In May 2012, first-line supervisors of retail sales workers took home an average annual wage of $40,910, with an average hourly wage of $19.67 (BLS). Rhode Island paid the highest average annual wages to sales managers, amounting to $48,320, with an hourly wage of $23.23. Salaries varied by industry. First-line supervisors of retail sales workers working in clothing stores took home an average annual wage of $41,140, while grocery store sale supervisors earned $40,480, on average, during the year.
Students seeking careers in small office settings can enroll in a bachelor’s degree program in Business Management with a specialization in small business management, whereby they can be taught effective managerial techniques and communication skills devised to run an office efficiently. Coursework in a Small Business program includes topic areas such as accounting, financing, computer applications, economics, marketing, and human resources management.
The program helps office managers acquire an equal grasp of customer interaction, employee management, and effective business management. There is a great reliance on an effective office manager if a small business office is to accomplish success.
Job and Wage Outlook
Supervision of a staff of workers and administrative duties are performed by office managers to ensure that the company’s operation is running smoothly. An at-par-with-average job growth rate of 15% has been predicted for administrative service managers, including office managers, over the 2010-2020 decade.
In May 2012, the top 10% of office managers, referred to as first-line supervisors of administrative support and office workers, in this instance, took home an average annual wage of $79,890. Annual average wages of the lowest 10% of these professionals did not exceed $30,520.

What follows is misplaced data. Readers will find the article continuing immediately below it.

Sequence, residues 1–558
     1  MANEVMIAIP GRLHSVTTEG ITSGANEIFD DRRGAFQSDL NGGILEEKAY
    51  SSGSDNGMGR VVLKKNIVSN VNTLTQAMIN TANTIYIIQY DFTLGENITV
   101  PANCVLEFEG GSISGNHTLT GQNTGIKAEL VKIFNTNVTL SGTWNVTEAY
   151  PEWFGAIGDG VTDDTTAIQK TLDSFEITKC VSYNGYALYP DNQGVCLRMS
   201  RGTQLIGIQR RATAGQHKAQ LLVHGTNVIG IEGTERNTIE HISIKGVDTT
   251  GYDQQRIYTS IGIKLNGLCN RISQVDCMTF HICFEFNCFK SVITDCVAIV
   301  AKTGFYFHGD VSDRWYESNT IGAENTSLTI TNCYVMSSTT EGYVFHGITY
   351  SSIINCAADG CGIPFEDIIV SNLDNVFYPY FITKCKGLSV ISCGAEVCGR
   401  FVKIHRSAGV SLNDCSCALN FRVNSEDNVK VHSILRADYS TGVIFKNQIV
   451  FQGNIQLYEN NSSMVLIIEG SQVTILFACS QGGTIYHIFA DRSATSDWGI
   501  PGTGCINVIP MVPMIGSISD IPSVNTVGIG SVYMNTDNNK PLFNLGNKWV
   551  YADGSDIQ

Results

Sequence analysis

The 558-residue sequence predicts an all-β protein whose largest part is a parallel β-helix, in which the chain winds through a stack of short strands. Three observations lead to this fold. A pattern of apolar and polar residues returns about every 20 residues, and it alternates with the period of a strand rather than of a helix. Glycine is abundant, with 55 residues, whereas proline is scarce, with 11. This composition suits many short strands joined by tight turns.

First-line supervisors of office workers earned an average hourly wage of $25.40, with their average annual wage amounting to $52,830. The securities and commodities exchanges industry was the highest paymaster for office managers, who took home an average annual wage of $76,720. The District of Columbia paid an annual wage of $62,700 to office managers, which was the highest annual wage.
Lodging managers enjoy numerous educational choices. However, graduates with a bachelor’s degree in Business Management aspiring for lodging manager positions must major, minor, or specialize in resort or lodgings management.
A comfortable atmosphere, housekeeping services, building and room maintenance, and food and beverage services must be provided by a manager to ensure that the lodging establishment is running efficiently. In addition, effective organization and leadership of a team of workers must also be ensured while maintaining a profitable business.
Job and Wage Outlook
Lodging managers ensure the effective and careful running of lodging establishments, including motels and hotels. A slower-than-average career growth has been projected for lodging managers, with keen competition anticipated in the profession, which requires specialization in hospitality by managers.
In May 2012, lodging managers took home an average hourly wage of $22.50, amounting to an annual average wage of $46,810 (BLS). Lodging managers employed in travel accommodations earned $53,780 annually, while those employed in business management took home an average salary of $82,880 per annum. The lowest ten percent of lodging managers earned no more than $14.08 hourly, while the top ten percent took home at least $43.04 per hour.